Can we really even consider Confucius a philosopher? I fail to see how Confucius is any different for the East from say...Hesiod or Homer for the West. Certainly the Homeric and Hesiodic works contain moral/social teaching, praising, for example bravery, strength, etc. But we can scarcely consider Homer or Hesiod "philosophers."
I think the major thing that stands in the way of Confucius being able to be considered a philosopher is that philosophy is for a very great part "defined," so to speak, by the use of rational argument...and, let's face it, Confucius isn't exactly reknowned for rational argument as say...I don't know, Parmenides might have been.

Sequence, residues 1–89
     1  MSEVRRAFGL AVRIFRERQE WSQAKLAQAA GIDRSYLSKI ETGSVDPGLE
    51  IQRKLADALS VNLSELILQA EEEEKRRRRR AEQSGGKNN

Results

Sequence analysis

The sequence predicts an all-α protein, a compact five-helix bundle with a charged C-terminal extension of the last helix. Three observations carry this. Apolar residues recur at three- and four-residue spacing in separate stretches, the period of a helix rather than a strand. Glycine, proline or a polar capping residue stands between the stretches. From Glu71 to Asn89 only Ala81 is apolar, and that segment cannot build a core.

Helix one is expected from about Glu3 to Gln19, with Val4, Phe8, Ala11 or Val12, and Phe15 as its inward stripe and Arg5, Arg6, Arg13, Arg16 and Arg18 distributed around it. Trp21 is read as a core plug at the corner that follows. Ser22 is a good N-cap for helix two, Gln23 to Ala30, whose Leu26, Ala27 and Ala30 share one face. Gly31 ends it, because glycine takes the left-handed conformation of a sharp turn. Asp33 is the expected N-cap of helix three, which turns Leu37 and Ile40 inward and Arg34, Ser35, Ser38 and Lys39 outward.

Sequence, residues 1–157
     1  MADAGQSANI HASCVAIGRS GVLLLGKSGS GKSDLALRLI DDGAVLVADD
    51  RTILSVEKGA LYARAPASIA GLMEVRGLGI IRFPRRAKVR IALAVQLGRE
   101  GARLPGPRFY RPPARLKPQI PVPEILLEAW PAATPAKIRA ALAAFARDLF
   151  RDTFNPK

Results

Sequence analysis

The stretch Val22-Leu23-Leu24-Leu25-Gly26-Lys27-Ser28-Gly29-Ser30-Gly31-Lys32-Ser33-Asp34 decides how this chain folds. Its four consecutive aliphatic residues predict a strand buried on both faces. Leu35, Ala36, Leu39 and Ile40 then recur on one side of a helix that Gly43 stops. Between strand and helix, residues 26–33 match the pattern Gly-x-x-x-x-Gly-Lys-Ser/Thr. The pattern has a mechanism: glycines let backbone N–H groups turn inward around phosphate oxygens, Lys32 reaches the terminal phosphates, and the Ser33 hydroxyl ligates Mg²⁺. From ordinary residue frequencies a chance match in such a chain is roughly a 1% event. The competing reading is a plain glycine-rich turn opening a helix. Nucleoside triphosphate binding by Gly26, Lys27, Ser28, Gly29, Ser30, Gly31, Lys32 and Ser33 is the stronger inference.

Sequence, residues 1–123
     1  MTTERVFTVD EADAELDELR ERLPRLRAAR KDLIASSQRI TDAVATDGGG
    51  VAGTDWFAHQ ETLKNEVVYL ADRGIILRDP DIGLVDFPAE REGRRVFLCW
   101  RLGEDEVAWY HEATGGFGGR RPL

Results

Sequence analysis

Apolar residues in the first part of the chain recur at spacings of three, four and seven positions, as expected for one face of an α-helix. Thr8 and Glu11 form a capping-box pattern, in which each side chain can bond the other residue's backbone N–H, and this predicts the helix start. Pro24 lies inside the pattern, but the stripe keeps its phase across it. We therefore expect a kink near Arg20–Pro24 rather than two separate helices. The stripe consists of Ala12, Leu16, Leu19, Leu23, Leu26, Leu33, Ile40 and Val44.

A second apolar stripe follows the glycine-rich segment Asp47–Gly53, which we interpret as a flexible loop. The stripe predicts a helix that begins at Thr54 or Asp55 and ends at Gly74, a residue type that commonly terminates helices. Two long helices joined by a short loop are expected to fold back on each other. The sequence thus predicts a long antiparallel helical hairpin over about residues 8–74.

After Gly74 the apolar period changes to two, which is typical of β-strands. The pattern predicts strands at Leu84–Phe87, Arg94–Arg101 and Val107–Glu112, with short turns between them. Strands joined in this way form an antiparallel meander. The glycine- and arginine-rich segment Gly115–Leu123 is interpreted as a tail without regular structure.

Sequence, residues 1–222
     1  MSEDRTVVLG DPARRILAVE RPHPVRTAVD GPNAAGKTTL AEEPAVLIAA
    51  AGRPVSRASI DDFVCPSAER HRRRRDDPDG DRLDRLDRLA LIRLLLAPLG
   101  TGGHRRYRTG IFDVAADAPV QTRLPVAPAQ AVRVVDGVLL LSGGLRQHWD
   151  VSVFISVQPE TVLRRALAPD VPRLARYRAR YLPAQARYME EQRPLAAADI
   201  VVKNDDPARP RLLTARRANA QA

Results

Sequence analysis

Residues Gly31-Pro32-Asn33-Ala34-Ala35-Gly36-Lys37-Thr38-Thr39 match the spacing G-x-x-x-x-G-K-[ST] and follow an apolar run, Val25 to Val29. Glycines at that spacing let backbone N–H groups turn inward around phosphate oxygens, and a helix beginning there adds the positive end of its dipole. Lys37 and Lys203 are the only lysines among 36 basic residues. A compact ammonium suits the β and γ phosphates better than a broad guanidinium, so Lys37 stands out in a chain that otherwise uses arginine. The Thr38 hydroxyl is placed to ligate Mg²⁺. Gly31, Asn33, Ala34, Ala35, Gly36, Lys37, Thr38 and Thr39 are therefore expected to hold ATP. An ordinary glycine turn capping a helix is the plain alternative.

Whatever the case, I'm going to make a stronger statement: Confucius and the Eastern "philosophers" are absolutely irrelevent to us Westerners, and I'd argue to absolutely anyone. They were absolutely non-influential in raising the major (even perrenial) philosophical themes (ontology, axiology, and epistemology), and were entirely irrelevent with respect to the development of our own philosophical history.
St. Augustine, Descartes, and Plotinus simply did not have Confuscius in mind, if you know what I mean.
I'll go further: Confucius can't even touch Marcus Aurelius. :nonooo: